WASHINGTON, D.C., August 22, 2018 (LifeSiteNews) – As Judge Brett Kavanaugh continues to meet with senators who will decide whether he joins the U.S. Supreme Court, two influential lawmakers have walked away with very different conclusions as to how he would vote on abortion.
President Donald Trump nominated Kavanaugh, a District of Columbia circuit judge, in July to replace the retiring Justice Anthony Kennedy. Trump’s second nominee to the nation’s highest court has become a major lightning rod based on pro-lifers’ hopes and abortion advocates’ fears that he may provide the long-awaited fifth vote to overturn Roe v. Wade and allow Americans to vote directly on whether abortion should be legal.
Kavanaugh quickly won the endorsements of several pro-life groups, including the National Right to Life Committee and Susan B. Anthony List, which already announced plans to mobilize grassroots activists to “urge the Senate to swiftly confirm Judge Kavanaugh.” Others have encouraged caution because his constitutional views on abortion aren’t publicly known.
Sen. Susan Collins of Maine, a pro-abortion Republican who is seen as one of the make-or-break votes, met with Kavanaugh for two hours on Tuesday. Afterward she released a statement suggesting she was confident he would let Roe stand.
Collins said she was “pleased to learn that Judge Kavanaugh believes, as I do, that Article III of the Constitution was intended to include the concept of precedent and that he sees precedent as much more than simply a matter of practice and tradition.” She also said Kavanaugh “expressed agreement with Chief Justice Roberts’ confirmation hearing statement that Roe is settled precedent and entitled to respect under principles of stare decisis.”
In 2005, John Roberts told the Senate Judiciary Committee that “it's not enough that you might think the precedent is flawed to justify revisiting it,” that Roe is “settled as a precedent of the court, entitled to respect under principles of stare decisis,” and that it was “a little more than settled” because it “was reaffirmed” by Planned Parenthood v. Casey. Roberts went on to vote twice to save Obamacare, raising further doubts among originalists that he would vote to overturn Roe.
“The conversation was cordial, it was direct, but unfortunately Judge Kavanaugh refused to answer even the most basic questions about his jurisprudence and judicial philosophy,” Schumer claimed. “He would not give me any reassurance that he believed Roe or Casey were correctly decided or should be left alone.”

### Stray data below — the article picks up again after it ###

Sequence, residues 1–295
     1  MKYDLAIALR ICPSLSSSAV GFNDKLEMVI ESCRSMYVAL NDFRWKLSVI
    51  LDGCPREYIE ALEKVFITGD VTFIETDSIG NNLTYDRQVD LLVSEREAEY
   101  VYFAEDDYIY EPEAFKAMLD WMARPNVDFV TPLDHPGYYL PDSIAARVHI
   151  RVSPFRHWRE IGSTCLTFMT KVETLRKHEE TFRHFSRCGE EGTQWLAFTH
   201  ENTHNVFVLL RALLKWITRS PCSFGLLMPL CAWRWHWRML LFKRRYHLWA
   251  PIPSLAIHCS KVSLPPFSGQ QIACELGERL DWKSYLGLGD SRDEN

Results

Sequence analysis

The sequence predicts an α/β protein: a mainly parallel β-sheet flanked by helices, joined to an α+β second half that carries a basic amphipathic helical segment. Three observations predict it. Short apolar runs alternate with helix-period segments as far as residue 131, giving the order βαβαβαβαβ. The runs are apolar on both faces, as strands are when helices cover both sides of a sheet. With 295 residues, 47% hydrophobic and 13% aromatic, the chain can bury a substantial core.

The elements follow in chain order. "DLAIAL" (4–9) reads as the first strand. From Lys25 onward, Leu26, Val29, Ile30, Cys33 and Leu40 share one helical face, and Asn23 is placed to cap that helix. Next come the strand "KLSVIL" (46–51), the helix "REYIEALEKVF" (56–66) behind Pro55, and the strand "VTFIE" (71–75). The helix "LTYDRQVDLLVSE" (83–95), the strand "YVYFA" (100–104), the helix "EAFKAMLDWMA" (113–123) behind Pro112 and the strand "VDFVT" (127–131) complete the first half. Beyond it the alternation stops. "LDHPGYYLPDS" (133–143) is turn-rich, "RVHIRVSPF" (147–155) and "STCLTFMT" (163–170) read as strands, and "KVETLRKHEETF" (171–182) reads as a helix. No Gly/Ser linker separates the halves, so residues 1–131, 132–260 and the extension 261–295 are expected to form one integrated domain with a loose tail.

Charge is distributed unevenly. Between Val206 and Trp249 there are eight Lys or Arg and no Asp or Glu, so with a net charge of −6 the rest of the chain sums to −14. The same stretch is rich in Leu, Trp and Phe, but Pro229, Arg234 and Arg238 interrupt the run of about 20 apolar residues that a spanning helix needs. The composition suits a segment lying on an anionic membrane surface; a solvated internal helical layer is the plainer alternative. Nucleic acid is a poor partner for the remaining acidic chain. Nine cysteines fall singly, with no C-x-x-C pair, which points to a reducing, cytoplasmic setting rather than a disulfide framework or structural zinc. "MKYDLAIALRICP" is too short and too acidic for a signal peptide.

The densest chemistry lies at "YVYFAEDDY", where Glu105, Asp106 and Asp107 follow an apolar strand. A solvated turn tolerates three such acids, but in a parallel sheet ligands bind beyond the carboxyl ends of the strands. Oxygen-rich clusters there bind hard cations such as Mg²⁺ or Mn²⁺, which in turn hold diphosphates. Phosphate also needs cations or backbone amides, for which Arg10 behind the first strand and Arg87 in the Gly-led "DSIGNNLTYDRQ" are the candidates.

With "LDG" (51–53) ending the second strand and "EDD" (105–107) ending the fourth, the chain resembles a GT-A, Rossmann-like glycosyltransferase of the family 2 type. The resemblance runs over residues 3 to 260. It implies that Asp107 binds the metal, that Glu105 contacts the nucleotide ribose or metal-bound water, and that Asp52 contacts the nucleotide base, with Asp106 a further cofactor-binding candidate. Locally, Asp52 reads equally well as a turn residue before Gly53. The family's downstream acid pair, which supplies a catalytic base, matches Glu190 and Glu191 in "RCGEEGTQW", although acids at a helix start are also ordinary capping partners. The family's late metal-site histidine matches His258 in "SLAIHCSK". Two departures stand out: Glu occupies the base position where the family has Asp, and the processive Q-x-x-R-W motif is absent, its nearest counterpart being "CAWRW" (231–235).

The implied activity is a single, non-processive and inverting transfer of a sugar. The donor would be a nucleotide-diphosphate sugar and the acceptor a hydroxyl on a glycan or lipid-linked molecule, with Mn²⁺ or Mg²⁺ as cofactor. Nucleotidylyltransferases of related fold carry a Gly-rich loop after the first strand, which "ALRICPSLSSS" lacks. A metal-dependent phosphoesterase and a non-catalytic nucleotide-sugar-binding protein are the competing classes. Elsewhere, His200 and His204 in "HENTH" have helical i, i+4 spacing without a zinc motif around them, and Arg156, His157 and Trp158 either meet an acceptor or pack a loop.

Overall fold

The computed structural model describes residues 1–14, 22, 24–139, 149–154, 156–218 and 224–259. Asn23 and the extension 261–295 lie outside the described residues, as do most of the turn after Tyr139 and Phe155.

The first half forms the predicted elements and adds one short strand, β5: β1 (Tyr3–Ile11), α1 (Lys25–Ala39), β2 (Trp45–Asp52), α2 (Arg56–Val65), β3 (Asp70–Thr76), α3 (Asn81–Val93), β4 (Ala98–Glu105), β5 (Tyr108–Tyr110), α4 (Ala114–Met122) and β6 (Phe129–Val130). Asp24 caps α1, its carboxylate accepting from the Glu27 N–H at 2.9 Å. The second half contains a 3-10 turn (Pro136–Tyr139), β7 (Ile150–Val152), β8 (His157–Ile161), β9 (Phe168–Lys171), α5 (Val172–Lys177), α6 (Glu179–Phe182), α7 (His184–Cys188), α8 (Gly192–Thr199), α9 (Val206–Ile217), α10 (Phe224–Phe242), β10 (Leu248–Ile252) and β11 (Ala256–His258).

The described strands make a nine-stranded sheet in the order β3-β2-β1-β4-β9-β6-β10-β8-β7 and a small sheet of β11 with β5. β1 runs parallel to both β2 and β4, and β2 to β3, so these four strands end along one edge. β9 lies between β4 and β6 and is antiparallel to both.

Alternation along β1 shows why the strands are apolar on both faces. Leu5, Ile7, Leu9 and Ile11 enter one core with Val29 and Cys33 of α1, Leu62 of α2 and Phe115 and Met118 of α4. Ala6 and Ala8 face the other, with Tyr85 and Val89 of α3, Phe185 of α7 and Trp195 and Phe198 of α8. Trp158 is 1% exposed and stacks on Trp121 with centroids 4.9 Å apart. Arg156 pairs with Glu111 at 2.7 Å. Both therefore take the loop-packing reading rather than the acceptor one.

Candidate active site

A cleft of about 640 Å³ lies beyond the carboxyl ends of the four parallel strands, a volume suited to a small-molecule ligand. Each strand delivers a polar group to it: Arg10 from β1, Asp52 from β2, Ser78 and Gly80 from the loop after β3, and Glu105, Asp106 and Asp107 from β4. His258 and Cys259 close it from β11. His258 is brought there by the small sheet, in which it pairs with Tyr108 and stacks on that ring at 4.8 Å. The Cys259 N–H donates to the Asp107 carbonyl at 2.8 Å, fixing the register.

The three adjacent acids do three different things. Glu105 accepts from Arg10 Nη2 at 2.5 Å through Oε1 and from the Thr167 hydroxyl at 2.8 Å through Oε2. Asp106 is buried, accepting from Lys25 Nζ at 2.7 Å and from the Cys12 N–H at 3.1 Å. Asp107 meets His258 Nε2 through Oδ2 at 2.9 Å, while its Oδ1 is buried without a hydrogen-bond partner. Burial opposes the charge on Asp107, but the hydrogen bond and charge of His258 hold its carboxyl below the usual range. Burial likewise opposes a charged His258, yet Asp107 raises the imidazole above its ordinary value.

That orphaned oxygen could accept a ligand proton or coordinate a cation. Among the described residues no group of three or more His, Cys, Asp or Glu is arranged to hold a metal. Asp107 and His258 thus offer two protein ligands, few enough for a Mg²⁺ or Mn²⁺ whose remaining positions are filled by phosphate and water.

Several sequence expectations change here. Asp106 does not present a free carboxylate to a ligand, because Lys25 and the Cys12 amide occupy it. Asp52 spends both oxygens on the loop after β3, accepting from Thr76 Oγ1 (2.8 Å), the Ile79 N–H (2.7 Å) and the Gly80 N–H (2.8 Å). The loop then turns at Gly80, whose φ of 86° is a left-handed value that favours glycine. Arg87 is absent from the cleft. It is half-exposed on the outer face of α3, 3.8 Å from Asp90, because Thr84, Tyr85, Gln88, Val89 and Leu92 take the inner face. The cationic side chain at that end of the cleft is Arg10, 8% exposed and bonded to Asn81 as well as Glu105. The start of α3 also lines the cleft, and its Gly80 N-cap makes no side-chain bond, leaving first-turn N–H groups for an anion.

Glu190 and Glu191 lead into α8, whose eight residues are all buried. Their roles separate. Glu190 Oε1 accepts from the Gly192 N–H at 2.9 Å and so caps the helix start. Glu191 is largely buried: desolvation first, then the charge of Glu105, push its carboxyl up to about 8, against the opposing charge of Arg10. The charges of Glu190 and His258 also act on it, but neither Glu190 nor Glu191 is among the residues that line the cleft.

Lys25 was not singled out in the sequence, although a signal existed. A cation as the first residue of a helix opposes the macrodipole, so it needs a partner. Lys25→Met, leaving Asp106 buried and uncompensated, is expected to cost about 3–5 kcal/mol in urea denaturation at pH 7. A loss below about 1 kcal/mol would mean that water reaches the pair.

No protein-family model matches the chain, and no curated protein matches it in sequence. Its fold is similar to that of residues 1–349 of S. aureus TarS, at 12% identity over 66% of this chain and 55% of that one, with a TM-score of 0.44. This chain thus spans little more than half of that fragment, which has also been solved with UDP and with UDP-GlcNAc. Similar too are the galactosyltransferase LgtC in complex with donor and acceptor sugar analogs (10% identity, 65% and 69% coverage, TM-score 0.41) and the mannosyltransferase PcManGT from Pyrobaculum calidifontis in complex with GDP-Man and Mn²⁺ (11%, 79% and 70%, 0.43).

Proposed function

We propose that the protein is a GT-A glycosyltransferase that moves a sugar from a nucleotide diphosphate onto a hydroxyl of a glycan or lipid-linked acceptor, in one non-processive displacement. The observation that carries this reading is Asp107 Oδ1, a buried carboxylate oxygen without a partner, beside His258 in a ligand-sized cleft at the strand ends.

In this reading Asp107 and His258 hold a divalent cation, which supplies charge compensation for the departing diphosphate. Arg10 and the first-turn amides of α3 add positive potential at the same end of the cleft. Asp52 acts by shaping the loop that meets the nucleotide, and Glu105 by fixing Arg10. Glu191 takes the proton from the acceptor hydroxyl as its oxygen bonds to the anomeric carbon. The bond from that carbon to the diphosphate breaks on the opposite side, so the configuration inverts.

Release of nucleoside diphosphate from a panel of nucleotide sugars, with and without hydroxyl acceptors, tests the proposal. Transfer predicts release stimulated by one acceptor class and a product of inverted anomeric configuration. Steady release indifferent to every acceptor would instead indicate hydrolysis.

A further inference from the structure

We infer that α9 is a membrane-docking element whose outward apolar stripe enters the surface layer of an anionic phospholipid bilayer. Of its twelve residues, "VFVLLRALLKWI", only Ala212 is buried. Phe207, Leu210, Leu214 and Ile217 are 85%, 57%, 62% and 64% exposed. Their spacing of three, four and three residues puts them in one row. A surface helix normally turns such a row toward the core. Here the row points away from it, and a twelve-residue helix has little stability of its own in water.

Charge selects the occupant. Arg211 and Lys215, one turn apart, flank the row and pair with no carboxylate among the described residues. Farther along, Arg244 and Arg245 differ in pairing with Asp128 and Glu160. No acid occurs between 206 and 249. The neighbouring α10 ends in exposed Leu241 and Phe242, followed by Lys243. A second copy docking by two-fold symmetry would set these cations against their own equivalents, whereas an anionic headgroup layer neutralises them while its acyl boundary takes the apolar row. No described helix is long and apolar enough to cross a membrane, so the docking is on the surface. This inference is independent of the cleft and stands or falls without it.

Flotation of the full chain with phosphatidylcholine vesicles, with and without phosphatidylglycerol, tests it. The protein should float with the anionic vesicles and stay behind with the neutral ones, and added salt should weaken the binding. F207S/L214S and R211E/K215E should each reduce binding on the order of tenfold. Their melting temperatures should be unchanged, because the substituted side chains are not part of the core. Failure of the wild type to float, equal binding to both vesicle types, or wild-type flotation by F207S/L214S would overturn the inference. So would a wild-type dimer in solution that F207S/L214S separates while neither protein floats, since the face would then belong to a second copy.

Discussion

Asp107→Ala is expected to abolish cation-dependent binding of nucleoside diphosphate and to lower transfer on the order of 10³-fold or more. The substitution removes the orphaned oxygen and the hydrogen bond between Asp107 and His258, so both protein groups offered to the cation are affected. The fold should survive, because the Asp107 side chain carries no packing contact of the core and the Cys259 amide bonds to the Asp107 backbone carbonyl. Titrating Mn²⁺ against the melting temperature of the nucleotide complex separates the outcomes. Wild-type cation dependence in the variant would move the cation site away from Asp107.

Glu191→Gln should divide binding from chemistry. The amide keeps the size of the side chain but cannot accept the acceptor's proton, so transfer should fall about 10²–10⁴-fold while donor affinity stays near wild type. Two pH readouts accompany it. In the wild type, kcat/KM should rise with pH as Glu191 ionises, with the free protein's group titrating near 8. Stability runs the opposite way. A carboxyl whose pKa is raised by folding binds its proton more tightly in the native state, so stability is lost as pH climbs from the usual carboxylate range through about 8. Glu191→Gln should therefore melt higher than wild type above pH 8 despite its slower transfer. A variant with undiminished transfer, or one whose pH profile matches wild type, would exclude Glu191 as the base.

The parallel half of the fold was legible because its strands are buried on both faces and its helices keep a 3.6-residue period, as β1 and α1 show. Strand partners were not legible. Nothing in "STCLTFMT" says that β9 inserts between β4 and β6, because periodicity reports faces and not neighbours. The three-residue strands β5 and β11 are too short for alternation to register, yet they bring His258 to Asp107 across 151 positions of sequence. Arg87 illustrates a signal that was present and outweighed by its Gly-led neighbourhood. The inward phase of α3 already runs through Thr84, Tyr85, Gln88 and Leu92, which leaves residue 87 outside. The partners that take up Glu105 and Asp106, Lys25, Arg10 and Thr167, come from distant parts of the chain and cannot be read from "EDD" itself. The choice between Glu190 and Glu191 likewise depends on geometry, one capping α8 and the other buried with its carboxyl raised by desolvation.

Schumer specifically disputed the notion that Kavanaugh’s references to “settled law” and precedent meant he was on Roe’s side.
“Everything the Supreme Court decides is settled law until it unsettles it. Saying a case is settled law is not the same as saying a case was correctly decided. It’s no different than the typical judicial dodge of saying you respect stare decisis,” he said. “Time and time again, judges nominated to the Supreme Court by Republican presidents have told the Senate they would follow the law of judicial precedent, only to overturn it once they’re on the bench.”
It’s unclear how Kavanaugh would apply his reported statements on the bench, or whether he is phrasing his answers to satisfy the sensibilities of senators who could cast the deciding vote for his confirmation. His thin record of abortion-related statements and rulings does not offer a conclusive answer to the question, but the closest is a 2017 speech he delivered on the jurisprudence of the former Chief Justice William Rehnquist.
Calling Rehnquist “my first judicial hero,” he cited among several examples of the late judge’s reasoning his opposition to Roe. Kavanaugh said, seemingly approvingly, that Rehnquist found a right to abortion was not “rooted in the traditions and conscience of our people,” and Roe was an example of “freewheeling judicial creation of unenumerated rights.”
With Sen. John McCain, R-AZ, absent from the Senate while undergoing brain cancer treatment, the GOP has only a 50-49 margin, and Democrats hope to flip Collins and Sen. Lisa Murkowski of Alaska, another pro-abortion Republican, against Kavanaugh. Vice President Mike Pence could still break the tie with just one defection, but two would be enough to torpedo the nomination.
Both women have voted for all of Trump’s judicial nominees so far, but observers speculate that Kavanaugh’s potential to give the Supreme Court its first-ever anti-Roe majority could change their calculus. Murkowski is set to meet with the judge on Thursday.
Republicans, meanwhile, hope they can cancel out any potential defections by pressuring Democrats Joe Manchin, Joe Donnelly, or Heidi Heitkamp to vote in Kavanaugh’s favor. All three previously crossed party lines to confirm Justice Neil Gorsuch, and all three face re-election this fall in deep red states.
Senate Majority Leader Mitch McConnell has promised that the Senate will vote on Kavanaugh’s nomination this fall, presumably ahead of November’s already-contentious midterm elections.